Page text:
JOHN SHERMAN CADY
One of the prominent old settlers of Sonora, Tuolumne County, California, who enjoys the esteem and respect of the community, is John Sherman Cady, the subject of this sketch. He was born in Berkshire County, Massachusetts, February 19, 1826, of old English ancestry who settled in New England, at Wethersfield, Connecticut, in 1832. Eleazar Cady, the grandfather of our subject, was an officer in the Revolutionary War, in one of the battles being the general in command. He died in Hinsdale, at the age of eighty-four years, having been a devoted member of the Baptist denomination. His son, Daniel Cady, was the father of our subject and was born in Dalton, Massachusetts, October 10, 1796. He married Miss Elizabeth Raymond, also a native of the Bay state, and a daughter of Daniel Raymond, a Revolutionary soldier who fought in the battle of Bunker Hill.
In 1860 Daniel Cady removed with his family to Wisconsin, where he became a well known and respected citizen, living an industrious life and dying at the age of eighty, having long been a member of the Baptist Church. He had been a soldier in the war of 1812-15. Mrs. Cady lived until she was seventy-six years old. They had six children, only two of whom survive, Mr. Cady’s oldest brother being a resident of Wisconsin, where he is now living (1900), at the advanced age of seventy-nine years.
Our subject was educated in his native town, where he received a good common school education. When prepared to make a visit to California he chose the Nicaragua route, and was in the wreck of the steamer North America, which went on the coast of Mexico in the night of February 12, 1852, with eleven hundred souls on board. All of these were landed safely and taken to Acapulco, thence to San Francisco by a clipper ship, arriving in that city May 15, 1852. Mr. Cady proceeded to Sonora, which he reached May 20, 1852, immediately engaging in mining. This business he followed for two years and with much success. One of his claims was in the city of Sonora, and he took from a street one piece of gold, weighing ten ounces, and at another time one weighing nineteen ounces.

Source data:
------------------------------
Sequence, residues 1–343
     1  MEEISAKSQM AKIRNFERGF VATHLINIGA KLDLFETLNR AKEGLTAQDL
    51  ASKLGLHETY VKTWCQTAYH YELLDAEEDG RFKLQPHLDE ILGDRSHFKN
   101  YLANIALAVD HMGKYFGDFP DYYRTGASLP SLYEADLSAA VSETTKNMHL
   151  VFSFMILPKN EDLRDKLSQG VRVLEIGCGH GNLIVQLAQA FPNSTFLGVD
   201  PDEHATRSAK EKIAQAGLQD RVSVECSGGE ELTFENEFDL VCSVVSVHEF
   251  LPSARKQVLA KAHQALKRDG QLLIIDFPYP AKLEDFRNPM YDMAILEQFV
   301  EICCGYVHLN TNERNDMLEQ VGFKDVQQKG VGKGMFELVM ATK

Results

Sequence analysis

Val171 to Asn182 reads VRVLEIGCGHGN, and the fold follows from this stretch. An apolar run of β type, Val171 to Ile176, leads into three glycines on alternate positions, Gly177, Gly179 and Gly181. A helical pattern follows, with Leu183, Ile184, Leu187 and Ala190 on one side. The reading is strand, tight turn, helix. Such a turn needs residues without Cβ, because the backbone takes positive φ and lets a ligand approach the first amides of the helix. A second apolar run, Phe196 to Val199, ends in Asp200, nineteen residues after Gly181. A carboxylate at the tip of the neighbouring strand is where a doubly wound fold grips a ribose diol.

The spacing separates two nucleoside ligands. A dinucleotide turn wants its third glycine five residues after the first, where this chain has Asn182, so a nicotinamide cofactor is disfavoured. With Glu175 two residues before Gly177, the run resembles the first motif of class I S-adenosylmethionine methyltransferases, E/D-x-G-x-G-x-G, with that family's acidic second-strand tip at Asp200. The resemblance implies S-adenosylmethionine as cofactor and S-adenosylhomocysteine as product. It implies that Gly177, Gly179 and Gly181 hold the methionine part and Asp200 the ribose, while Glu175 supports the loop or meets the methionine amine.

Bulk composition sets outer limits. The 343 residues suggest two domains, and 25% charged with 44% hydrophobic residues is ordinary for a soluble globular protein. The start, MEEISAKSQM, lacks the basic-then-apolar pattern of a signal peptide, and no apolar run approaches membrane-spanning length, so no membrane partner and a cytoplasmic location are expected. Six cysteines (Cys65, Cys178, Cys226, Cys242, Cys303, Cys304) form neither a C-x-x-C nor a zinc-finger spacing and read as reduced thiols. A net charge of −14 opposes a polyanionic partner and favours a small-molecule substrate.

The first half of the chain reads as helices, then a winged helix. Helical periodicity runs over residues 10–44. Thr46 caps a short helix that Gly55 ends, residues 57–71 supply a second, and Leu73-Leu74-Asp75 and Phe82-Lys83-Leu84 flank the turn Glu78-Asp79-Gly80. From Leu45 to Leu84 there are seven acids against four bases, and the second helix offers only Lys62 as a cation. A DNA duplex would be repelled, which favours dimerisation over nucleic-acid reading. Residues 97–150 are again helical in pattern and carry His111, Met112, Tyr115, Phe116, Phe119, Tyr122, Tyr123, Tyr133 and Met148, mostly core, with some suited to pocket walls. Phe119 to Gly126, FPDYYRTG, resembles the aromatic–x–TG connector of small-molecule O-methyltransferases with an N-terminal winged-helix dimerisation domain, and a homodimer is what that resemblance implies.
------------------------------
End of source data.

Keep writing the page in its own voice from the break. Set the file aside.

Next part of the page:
In 1855 Mr. Cady made a trip to the east and was married September 5, that year, to Miss Mary M. Curtis, a lady whom he had known from childhood. She was born October 5, 1831, and was a daughter of Epaphras and Orpha Curtis, a most lovely character whose death on November 23, 1897, Mr. Cady deeply mourns. After his marriage Mr. Cady returned alone to his western enterprises, but in the spring of 1858 he went east again and brought Mrs. Cady to the west. In 1860 he engaged in mining at Table Mountain, realizing five dollars a day, and soon after opened a store at Sonora, dealing in paints, oils, glass, paper and upholstery goods, and this business he conducted for a period of thirty-nine years. Since that time Mr. Cady has lived retired from business. He was successful in his enterprises and possesses more than a competency.
Our subject has taken a prominent part in political life, has been a Republican ever since the organization of the party and was the efficient postmaster of Sonora during the administration of President Harrison. Fraternally he is a member of the Chosen Friends, from which organization he will soon be entitled to three thousand dollars, according to the rules of the order.
Mr. Cady mourns the death of his wife most sincerely, as their life had been most congenial. He is the only one left of his friends who belonged to the old pioneers of Sonora, and enjoys the esteem and regard of all who have so long known his probity of character and his interest in the prosperity of his section.
Transcribed by Gerald Iaquinta.
© 2010 Gerald Iaquinta.